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Executor Commissions in New Jersey

The executor of an estate, as well as an administrator of an estate, is entitled to a commission based on the value of the estate.  An “executor” is what we call the personal representative of an estate in which a Will was probated with the Surrogate’s Office.  The executor would have been named in the Will.  An “Aministrator” is what we call the personal representative of an estate in which there is not a Will (i.e., an “Intestate Estate”). An administrator is also appointed by the Surrogate’s Office, and is usually a close family member.  The job titles are different, but the job is exactly the same.

Similarly, the commissions to which an executor or an administrator are entitled are set by the New Jersey legislature, and are the same for both titles.  The commission schedule is as follows:

  • 5.0% of the first $200,000 in value.
  • 3.5% on the excess over $200,000 up to one million dollars.
  • 2.0% of everything over one million dollars.

For example, on and estate worth $199,000, the executor or administrator would be entitled to a statutory commission of $9,950.00.  An executor or administrator would be entitled to a commission of $32,750 on an estate worth $850,000. ($10k for the first $200,000, then 3.5% of the next $650,000.) On an estate worth $1,900,000, the executor or administrator would be entitled to a commission of $63,000.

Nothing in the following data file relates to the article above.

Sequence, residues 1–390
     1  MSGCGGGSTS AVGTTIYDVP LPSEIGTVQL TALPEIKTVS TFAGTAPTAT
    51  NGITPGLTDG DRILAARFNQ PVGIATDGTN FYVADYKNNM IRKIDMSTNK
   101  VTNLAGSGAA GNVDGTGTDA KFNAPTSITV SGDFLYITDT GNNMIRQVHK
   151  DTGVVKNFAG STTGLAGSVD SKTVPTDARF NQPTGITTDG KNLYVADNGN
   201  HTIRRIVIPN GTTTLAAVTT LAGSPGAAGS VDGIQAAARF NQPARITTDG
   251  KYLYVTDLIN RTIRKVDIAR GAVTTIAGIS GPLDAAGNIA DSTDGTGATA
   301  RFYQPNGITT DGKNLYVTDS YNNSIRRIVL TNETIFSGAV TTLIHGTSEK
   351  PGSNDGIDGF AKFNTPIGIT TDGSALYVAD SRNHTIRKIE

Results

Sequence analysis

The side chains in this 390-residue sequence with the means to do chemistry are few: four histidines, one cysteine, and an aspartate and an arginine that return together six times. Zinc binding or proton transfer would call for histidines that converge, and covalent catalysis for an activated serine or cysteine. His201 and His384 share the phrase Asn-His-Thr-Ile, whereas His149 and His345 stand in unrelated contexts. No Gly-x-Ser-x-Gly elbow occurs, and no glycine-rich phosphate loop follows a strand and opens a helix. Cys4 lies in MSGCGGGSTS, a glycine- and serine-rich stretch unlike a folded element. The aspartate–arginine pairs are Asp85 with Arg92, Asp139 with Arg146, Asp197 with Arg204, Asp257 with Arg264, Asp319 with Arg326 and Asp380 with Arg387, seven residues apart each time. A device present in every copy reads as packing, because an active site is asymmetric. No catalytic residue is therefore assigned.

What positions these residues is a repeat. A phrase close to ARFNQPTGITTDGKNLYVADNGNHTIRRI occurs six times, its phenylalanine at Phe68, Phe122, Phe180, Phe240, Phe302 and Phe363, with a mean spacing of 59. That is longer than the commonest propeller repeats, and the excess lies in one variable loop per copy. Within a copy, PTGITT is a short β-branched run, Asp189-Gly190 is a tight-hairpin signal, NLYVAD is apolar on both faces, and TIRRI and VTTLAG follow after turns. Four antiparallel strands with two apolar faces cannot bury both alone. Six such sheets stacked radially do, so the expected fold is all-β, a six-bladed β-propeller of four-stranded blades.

The commission is based on the gross value of the estate.  In other words, if there is a house worth $350,000 and there is a mortgage on the property of $325,000, the commission is based on the entire $350,000, and not the $25,000 equity in the property.  Is that fair?  I think so.  It takes as much work to take care of and sell a house with a mortgage on it as it does for one without a mortgage.  It might even be more work because the executor has to make mortgage payments until the house is sold.

The executor or administrator does not have to take the commission. In my experience, most clients come in declaring that they think they will waive the commission so their siblings don’t get upset or envious.  It is also my experience that most of these executors don’t realize how much work and aggrevation is involved.  Thus, I advise them not to make that decision until after all the work is done.  Most thank me profusely for that advise.

If you need help probating the estate or filing estate or inheritance tax returns, give us a call.  That’s what we do for a living!